“We wanted them to see the amazing things we’d done and what the future looked like,” says Martin. “In the evening, we dressed it up, and people could take photos in front of the year they were born, and share them on Yammer.”

Get leaders involved in interactive concepts. At another event, B&Q leaders were seated in a darkened room to hear voice recordings of various experiences of working for the company. 

“We had a voiceover read out complaints and lines from exit interviews – and our leaders had 10 minutes of hearing when we are at our worst,” explains Martin. “Then they went through to another room and watched videos of when we’re at our best. The third stage asked them to think about what they are going to do about what they’ve heard – the good and bad.

"A piece from the stage wouldn’t have been impactful. Events should stir emotions. And don’t be scared of bringing out difficult emotions – surprise, anger, injustice…”

Put time on the schedule for fun, insists Billy. “Building your team is underrated. It’s a lot of money to put on an event, and it can feel like an afterthought to make people smile. An event is an incredible opportunity to improve mental health. Smiling team members are better than frowning team members.”



Make the most of your enterprise social network (ESN) to engage people, whether in the build-up to the event – at Kellogg, Anne Marie Kiernan posts sneak-peek videos from rehearsals – or live-blogging during the day. 

 Often at Kellogg, around big events, a junior member of staff is appointed conference storyteller and will vlog about their experience. Their reward is a free pass to the company’s big event, where they’ll gain insight they might not otherwise be exposed to in their day job. 

At restricted-access events, such as a leadership event, Kellogg encourages senior managers in the room to share on Yammer, to give the wider employee base a window to what is going on. 

“Sharing at work isn’t always a natural instinct,” says Anne Marie. “A lot of leaders are active on social media outside of work, but not necessarily within the workplace. 

“To encourage them to share at a big event, we use an event app. It has an inbuilt social wall that becomes like a live conference feed. It’s projected in the room, allowing presenters to adapt their presentations to what’s being said in real time. We also feed certain content out from the app to our ESN for all employees to see. The skills and experience leaders get from using the app can boost their Yammer behaviour when out of a conference setting and back on the job.”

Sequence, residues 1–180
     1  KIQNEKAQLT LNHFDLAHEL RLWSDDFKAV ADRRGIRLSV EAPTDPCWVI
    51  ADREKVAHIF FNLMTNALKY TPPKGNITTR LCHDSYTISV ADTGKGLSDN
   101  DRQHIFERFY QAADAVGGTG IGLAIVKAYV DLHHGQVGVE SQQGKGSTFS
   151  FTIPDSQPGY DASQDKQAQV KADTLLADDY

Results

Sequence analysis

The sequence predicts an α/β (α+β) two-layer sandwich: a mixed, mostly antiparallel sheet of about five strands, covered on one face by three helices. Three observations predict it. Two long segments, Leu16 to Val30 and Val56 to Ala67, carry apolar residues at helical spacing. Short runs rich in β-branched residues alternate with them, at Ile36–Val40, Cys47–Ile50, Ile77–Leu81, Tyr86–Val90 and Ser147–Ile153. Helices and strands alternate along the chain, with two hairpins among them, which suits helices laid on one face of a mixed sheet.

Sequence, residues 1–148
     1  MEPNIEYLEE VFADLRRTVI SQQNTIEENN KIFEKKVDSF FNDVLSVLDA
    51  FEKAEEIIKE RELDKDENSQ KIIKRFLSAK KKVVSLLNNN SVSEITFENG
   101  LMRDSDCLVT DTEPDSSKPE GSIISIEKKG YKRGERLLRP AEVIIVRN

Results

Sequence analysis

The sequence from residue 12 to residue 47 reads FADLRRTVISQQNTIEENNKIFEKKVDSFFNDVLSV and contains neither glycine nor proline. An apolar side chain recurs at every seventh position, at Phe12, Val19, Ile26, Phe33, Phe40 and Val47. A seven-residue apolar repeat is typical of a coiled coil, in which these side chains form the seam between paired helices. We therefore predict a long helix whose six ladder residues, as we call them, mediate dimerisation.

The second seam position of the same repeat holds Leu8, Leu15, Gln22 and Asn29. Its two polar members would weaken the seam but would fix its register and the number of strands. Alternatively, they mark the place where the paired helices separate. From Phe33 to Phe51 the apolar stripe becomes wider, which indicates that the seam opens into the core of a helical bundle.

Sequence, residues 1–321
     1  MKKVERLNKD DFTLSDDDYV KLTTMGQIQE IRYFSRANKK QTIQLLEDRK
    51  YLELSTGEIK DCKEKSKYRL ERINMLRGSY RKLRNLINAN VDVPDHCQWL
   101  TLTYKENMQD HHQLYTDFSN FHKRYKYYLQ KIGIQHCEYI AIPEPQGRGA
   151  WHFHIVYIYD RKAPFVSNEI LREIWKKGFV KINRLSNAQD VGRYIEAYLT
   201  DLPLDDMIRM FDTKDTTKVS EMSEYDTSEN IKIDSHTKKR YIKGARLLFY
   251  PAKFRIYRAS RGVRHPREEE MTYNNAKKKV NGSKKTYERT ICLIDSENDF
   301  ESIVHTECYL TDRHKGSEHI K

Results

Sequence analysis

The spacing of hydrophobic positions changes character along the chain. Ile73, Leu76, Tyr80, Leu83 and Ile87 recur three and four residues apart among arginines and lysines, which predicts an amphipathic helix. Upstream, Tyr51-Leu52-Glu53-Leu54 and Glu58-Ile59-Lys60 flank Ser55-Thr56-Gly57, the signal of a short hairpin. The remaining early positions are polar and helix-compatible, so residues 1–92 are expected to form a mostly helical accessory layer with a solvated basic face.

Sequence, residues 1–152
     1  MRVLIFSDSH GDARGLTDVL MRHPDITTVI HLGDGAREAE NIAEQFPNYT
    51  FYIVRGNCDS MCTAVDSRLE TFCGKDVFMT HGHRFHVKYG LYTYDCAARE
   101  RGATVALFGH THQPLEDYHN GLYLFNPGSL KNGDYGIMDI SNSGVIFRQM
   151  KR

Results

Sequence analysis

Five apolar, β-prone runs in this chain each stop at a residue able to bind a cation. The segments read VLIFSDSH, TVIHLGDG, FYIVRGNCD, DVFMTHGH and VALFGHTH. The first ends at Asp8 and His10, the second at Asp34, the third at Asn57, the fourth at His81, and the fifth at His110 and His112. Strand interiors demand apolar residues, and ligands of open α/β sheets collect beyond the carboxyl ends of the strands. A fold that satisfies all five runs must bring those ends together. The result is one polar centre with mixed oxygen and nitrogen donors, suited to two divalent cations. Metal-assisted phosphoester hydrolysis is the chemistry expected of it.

Anne Marie Kiernan of Kellogg Europe prepares for another Team Talk


Don’t wait too long to get the reviews in. Find out what delegates thought worked well and what didn’t.

Billy Boughey of Elevate uses different feedback platforms – he recommends Typeform and BambooHR – and suggests anonymous surveys offer the most useful feedback. But for a common thread, it’s a good idea to use the same software or channel you’ve used for other elements of the event.

And when should you pose the question? At the end of the event, while it’s fresh in delegates’ minds, or do you give people time to reflect? 

“We generally wait a few days,” says Martin Fitzpatrick of B&Q, “but no more than two weeks. You’ll always get the odd comment about the subjective stuff – choice of food, staging or timing. We try not to get hung up on those and spend our time identifying the bigger themes in the feedback that we can work through with the team, the board and sometimes the presenters.” 

And before you’ve cleared up after the wrap party, you’re probably already thinking about how the next event will measure up.

You can’t be complacent, says Anne Marie. “Once you’ve got it down pat, don’t assume you can sit back. We always think about how our next event is going to be bigger and better. Never settle.”

“You have to keep doing things differently,” agrees Ruth Findlay. “But be cognisant of what your audience can handle and the journey they’re on. Even if you prefer a high-tech event, think about whether your delegates, and the infrastructure, can handle that. It’s got to feel fresh, but it also has to be deliverable and relatable. Keep striving to improve. You’re only ever as good as your last event.”


Course of events: Top 10 tips for a great live experience

Seek help. Get as many hands involved as possible. Ask your marketing or PR team for advice. They may only have done external events, but some processes and logistics – sending invites, equipment – will be the same. 

Be clear around who does what – who owns or signs off which task or content. 

Set up event apps for delegates to download on their smartphones, or pre-install the app on supplied phones, so they can pose questions to panelists, see the agenda, feed back, etc. Set up a tech support bar
at the venue.

Don’t oversubscribe. Check your venue’s maximum capacity and your budget for the number of goodie bags, meals, hotel rooms… 

Save money and train people to produce their own videos. Identify people who are creative on their personal social media channels.

If you’re going to live stream the event, check in advance your HQ or the venue has the correct bandwidth.

Get energy going in the group – even if it’s just a Mexican wave. Make it clear this isn’t a traditional sit-in-your-seat event.

Ensure there are ‘wow!’ moments that people will share with those who didn’t attend; the next time you plan an event, employees will want to know about it.

Post-event, don’t just dump a summary toolkit or selection of slides on managers. Dripfeed shareable assets through different media, so everyone in the organisation gets content from the conference. Send a highlights video to attendees.

Measure your success three months after the event. Ask for the three things people remember most. Are they the same three messages you wanted people to remember?